It’s a fall Monday midafternoon, and the Portside Tavern in Hyannis is a hive of activity. Owner Bob Murphy is wrestling dining chairs from the trunk of his car and waves me in the direction of the kitchen door with the promise that he’ll catch up shortly. Traditionally, most restaurants on Cape Cod experience a sharp drop in sales after Labor Day, but at the newly opened Portside Tavern something wonderful is happening. The holiday weekend came and went, yet they are still experiencing a steady surge of business. Positive food reviews on social media and in the local newspaper, coupled with the advent of football season resulted in a welcome wave of guests through the doors. As Chef Michael Crowell-Hall puts it, “We got really busy, really fast,” and for that reason, he apologizes that he doesn’t even have five minutes to sit and chat. Prep for the evening dinner service, as well as a setup for a wine tasting they are hosting tonight, takes precedent. Therefore, our conversation will be in the kitchen as the work continues.
Patiently, in his not-unpleasant gravelly voice, Crowell-Hall walks me through the process of making fresh mozzarella. Fascinated, I watch as the man-bun sporting chef bends over a pan of hot salted water and works the curds, continually kneading with his large hands. Adding more warm water as needed, he magically stretches curds into cheese. Some days, when the exhaustion sets in, his staff wonders why he bothers with all the extra labor. Crowell-Hall acknowledges that certain items would be easier to buy when there is always so much more to do. He explains, “The day that I stop being willing to put in the extra step, is the day I stop being a chef. There are a lot of people running around calling themselves chefs nowadays that are basically just cutting stuff out of bags and heating food up.”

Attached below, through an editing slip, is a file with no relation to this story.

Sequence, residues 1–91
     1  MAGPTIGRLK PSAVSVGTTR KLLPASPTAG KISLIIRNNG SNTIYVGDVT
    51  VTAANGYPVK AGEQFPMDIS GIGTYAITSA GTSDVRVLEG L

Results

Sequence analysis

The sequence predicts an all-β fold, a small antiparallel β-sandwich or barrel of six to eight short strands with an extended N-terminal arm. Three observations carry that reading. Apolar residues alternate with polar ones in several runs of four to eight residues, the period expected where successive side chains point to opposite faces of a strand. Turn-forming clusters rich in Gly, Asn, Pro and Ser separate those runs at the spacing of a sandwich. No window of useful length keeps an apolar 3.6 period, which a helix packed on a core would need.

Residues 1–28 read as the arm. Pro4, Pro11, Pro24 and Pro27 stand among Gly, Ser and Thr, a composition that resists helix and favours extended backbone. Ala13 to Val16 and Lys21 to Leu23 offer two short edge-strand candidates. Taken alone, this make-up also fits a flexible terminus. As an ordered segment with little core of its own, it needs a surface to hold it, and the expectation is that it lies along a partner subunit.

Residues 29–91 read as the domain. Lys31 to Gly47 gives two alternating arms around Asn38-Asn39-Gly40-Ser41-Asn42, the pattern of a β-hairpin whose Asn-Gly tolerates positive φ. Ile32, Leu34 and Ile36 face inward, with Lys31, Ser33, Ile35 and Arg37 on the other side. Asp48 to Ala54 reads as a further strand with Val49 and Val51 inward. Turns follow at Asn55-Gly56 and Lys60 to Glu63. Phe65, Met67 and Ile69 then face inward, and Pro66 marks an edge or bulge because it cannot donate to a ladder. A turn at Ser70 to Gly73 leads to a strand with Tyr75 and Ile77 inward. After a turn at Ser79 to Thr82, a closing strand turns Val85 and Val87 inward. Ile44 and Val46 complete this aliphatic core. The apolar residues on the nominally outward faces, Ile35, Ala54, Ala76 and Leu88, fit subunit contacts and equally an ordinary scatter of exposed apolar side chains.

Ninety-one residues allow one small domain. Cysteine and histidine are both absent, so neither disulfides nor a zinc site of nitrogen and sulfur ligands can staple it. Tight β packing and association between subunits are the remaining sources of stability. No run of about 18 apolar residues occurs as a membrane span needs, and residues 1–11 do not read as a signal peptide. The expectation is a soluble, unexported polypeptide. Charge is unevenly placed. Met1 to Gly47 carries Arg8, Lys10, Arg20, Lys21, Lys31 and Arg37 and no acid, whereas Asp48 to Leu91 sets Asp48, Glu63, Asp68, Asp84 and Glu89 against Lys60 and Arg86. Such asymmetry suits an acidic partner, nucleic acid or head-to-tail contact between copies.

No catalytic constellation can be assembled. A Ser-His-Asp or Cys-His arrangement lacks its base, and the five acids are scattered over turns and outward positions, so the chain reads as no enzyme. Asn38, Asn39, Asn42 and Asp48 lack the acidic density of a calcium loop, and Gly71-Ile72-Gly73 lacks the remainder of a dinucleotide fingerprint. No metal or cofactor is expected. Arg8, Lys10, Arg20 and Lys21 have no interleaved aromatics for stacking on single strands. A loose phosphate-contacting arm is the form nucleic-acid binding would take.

In late 2014 Crowell-Hall was pretty content with his life. A gig as a private chef for a family in Oyster Harbor supplemented by restaurant consulting was paying the bills. Best of all was the mere fifty-hour workweek. It was a nice change from the 24/7 rat race of running a kitchen and the myriad challenges that come with the job.
Meanwhile, semi-retired financial advisor and pizzeria owner (Wamps Pizza, Braintree) Bob Murphy was on the hunt for an executive chef for his new venture. Murphy had recently purchased the historic former sea captain’s home located at 70 North Street in Hyannis after a very extensive New England search. Over the past decades, the space had housed a succession of restaurants, including Fiddlebees, The Boathouse, Kendricks, and the Steak House. Making the real estate additionally attractive to Murphy was the added bonus of the eight potentially income-producing apartments at the rear of the property. What he hadn’t anticipated was the tremendous amount of work this “turnkey” operation required. Last December, Murphy dove headfirst into the renovation project acting as his own general contractor. Two months were spent waiting for the snow to melt for roof work to start. Inside, the vestibule was reconfigured, bathrooms were added and painting was completed. Still on the “to do” list is an overhaul of the heating and air conditioning systems.